Feedback from a person using the service was positive. They spoke highly of the staff who visited them and said they felt safe receiving the service. A relative was also happy with the support their family member received.

People’s needs were assessed before they received a service and care plans identified their needs.

There was a complaints policy and procedure in place and people and their relatives knew to contact the service or the local authority if they had a concern.

Staff documented the drinks and meals people ate so that this could be monitored if a person was at risk of dehydration or malnutrition.

We have made a recommendation that the registered person should seek relevant current guidance and information on

Inspection areas



Updated 17 May 2016

The service was not safe.

Medicines management was unsafe and we could not always confirm people received their medicines as prescribed.

People were at risk of harm from poor risk assessment processes. The provider did not always assess people�s risks in relation to the provision of care to provide staff with guidance to ensure people were safely supported.

Recruitment practices were unsafe as suitable employment references to check performance of staff in previous roles were not always obtained and criminal record checks had not always been requested.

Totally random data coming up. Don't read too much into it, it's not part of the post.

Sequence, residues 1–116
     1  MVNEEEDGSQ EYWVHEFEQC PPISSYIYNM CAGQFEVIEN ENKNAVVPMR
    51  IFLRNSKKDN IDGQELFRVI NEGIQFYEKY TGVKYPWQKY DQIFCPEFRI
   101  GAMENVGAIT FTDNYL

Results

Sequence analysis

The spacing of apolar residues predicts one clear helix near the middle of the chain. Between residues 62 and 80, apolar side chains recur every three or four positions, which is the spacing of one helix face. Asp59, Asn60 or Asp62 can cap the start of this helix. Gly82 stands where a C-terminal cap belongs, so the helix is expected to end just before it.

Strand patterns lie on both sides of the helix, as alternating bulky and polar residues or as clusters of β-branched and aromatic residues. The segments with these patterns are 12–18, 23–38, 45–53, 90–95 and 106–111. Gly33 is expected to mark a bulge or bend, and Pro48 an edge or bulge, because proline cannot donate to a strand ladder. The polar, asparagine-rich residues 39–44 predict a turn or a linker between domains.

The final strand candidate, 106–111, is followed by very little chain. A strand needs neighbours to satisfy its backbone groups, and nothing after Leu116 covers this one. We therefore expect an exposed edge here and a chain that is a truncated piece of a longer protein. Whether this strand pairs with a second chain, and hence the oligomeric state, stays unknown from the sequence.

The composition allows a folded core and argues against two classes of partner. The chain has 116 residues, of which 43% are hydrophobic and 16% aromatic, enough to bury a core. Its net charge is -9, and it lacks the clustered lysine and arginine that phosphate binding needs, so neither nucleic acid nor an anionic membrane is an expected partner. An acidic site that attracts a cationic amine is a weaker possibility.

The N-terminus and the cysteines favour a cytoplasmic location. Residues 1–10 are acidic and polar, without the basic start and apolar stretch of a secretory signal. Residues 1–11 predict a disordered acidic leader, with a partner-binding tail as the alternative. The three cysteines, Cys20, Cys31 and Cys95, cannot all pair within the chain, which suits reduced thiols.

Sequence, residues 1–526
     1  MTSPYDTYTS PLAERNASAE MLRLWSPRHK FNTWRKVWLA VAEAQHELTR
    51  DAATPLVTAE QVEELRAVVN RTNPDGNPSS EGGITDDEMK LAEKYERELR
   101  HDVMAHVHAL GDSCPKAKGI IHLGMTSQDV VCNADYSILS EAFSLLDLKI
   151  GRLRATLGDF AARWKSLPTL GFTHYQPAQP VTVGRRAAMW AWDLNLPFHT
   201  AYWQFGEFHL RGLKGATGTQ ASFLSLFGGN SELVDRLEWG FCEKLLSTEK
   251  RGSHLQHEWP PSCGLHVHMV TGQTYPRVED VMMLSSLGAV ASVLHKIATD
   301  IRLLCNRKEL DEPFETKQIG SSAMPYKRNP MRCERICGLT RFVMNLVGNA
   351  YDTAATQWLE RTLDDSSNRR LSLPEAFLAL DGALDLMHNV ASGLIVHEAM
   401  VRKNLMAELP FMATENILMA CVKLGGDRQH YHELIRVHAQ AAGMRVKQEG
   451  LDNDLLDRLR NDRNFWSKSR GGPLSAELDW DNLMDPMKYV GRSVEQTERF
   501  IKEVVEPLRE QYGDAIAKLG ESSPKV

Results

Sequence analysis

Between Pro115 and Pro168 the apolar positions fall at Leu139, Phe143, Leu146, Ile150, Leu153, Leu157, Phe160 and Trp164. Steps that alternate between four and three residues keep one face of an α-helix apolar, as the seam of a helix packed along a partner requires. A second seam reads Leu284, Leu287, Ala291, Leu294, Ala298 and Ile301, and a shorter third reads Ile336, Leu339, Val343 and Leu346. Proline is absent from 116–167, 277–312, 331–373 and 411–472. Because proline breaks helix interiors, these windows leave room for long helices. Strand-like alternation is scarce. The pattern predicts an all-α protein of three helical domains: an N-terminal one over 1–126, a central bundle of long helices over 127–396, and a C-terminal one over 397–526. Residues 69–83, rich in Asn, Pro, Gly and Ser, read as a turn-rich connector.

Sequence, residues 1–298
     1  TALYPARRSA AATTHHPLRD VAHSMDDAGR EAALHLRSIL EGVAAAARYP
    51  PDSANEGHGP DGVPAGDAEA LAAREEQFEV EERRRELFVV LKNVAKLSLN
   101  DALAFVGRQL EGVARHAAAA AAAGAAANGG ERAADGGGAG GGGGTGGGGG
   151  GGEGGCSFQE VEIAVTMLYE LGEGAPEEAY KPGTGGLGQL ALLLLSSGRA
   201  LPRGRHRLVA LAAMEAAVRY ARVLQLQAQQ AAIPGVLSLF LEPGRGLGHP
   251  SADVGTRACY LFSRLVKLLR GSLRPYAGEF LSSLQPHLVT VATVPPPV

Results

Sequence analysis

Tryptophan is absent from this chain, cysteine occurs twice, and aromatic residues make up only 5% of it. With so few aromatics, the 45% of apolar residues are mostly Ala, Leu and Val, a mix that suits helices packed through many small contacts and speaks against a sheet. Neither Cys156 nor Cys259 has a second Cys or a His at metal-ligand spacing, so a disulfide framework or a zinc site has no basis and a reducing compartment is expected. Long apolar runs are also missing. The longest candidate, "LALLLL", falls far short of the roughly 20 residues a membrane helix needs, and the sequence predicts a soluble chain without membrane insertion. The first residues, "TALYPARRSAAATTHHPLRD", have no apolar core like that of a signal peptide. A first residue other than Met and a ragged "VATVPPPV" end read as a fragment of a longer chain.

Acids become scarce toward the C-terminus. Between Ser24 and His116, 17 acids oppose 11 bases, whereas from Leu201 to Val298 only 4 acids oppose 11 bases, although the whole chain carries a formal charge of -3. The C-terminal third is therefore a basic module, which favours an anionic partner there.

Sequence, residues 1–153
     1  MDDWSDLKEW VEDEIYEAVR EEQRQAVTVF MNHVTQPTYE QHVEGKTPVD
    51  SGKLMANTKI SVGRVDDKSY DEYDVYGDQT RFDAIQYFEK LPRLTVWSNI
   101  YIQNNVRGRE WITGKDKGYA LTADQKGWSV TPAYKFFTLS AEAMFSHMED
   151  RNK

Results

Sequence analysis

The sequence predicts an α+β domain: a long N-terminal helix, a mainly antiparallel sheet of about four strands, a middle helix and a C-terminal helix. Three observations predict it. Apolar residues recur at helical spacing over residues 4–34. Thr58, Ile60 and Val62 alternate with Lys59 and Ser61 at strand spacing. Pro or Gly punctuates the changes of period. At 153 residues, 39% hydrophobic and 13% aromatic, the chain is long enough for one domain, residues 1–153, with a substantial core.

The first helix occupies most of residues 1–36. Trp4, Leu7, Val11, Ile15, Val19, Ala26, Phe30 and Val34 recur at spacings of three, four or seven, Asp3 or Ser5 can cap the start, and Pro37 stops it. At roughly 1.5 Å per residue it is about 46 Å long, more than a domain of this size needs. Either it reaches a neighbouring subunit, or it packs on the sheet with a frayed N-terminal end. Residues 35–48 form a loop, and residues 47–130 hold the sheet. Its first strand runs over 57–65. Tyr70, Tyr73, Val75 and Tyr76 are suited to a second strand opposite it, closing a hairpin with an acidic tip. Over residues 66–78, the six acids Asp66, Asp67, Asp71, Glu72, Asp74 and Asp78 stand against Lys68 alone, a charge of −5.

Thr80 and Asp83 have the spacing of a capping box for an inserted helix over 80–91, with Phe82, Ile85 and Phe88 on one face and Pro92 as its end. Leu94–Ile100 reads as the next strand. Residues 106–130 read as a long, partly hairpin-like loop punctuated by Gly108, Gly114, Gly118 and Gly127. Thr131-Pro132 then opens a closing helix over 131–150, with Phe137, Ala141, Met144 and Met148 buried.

There were not enough staff deployed to support people using the service.

Staff and the registered manager were aware of how to respond if there was a safeguarding allegation.


Requires improvement

Updated 17 May 2016

The service was not always effective. There was no evidence of the support staff received, such as receiving an induction to working with people in the community.

Staff had not received training on important areas such as moving and handling and the administration and handling of medicines in a timely way.

There was no plan to provide one to one support and supervision to staff.

Staff encouraged people to make daily decisions. Capacity assessments had been carried out by the service and care staff were aware of their responsibilities in working with this legislation. However, the registered manager had not acted in accordance with the Mental Capacity Act 2005 in working with the local authority if they felt a person lacked capacity.

People received the necessary support in relation to their day to day health needs.

Staff supported people with their drinks and meals to ensure they did not become dehydrated or malnourished.



Updated 17 May 2016

The service was caring. People were involved in planning their care.

People we spoke with were positive about the care they received and told us staff were kind and caring and treated them with dignity and respect.



Updated 17 May 2016

The service was responsive. People�s needs and wishes were assessed and care plans were in place to meet those needs.

People and relatives knew how to complain if they needed to.



Updated 17 May 2016

The service was not well-led. There were inadequate systems in place to monitor the safety and quality of the service, so areas for improvement could not be identified and addressed. The lack of systems to monitor the quality of the service being provided had meant that the Registered Manager had not identified the concerns and poor practices that we found during this inspection.

Staff said the registered manager was approachable and supportive.